Editors to advise colleges in training shake-up

Marc Reeves 2.jpg

Birmingham Press Club director Marc Reeves is among a number of regional editors who are to advise individual journalism colleges on the latest newsroom practices as part of a plan to make industry training “more rigorous”.


The National Council for the Training of Journalists has announced the appointment of 14 editorial chiefs from across regional and national media in a bid to tighten up its accreditation process.

They include Trinity Mirror’s West Midland editor-in-chief Marc Reeves and his East Midlands counterpart Steve Hall, Rachael Sugden, Trinity Mirror Gloucestershire senior editor and Martin Wright, editor of the Shropshire Star.

Marc commented: "It's great to be more involved. The pace of change in the regional news industry is such that you can be out of touch within just a few months, so its essential that courses are closer than ever to the industry.

“This can only be good for the students, who are more employable as a result - as well as employers like Trinity Mirror who want people to hit the ground running when they're recruited,” he added.

The editors have been assigned to work with the NCTJ’s accredited centres to offer practical support, knowledge and advice on the latest journalistic techniques and working practices.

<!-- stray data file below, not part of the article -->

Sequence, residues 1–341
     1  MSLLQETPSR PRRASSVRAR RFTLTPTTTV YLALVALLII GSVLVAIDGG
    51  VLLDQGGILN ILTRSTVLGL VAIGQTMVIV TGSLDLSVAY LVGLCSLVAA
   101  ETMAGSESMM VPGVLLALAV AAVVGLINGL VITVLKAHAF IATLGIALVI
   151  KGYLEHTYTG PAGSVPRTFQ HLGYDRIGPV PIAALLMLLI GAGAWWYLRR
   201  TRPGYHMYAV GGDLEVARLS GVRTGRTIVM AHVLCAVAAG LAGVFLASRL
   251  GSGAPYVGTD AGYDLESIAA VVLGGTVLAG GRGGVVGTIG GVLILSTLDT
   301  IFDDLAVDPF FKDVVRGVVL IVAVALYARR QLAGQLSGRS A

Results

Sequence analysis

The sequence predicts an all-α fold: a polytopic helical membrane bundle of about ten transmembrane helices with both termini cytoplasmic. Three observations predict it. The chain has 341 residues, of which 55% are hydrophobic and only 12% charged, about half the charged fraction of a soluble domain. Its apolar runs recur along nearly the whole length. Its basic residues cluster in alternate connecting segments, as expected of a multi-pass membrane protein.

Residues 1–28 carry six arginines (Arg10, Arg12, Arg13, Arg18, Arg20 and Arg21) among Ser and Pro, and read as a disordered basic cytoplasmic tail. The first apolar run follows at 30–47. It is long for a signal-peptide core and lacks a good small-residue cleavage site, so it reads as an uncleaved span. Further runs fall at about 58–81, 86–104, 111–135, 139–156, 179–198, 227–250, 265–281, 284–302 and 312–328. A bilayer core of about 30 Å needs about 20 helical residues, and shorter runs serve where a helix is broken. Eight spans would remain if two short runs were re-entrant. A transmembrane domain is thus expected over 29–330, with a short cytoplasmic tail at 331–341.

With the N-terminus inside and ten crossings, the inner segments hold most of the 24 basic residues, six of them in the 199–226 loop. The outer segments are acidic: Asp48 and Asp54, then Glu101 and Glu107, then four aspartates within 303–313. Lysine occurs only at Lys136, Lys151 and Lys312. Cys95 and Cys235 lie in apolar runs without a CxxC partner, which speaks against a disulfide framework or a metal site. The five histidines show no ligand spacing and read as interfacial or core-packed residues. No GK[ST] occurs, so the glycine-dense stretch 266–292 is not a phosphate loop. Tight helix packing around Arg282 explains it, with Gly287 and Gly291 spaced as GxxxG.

The NCTJ currently accredits more than 80 journalism courses at some 40 universities, further education colleges and independent training centres across the UK.


The appointments form part of a broader plan, unveiled by the NCTJ, which will see centres with consistently high performance standards being made subject to fewer visits by the organisation.

Key features of the approach include:

  • An even more rigorous, transparent and cost-effective system allowing efforts to be concentrated where they are needed most. Centres with consistently high performance standards will be subject to fewer visits.

  • More practical support from editors and the NCTJ with closer collaboration between accredited course providers and the industry.

  • Designated industry advisers are offering knowledge and advice on the latest journalistic techniques and working practices.

  • A holistic and risk-based proportionate approach using evidence and information gathered by the NCTJ to raise standards and eliminate unnecessary bureaucracy.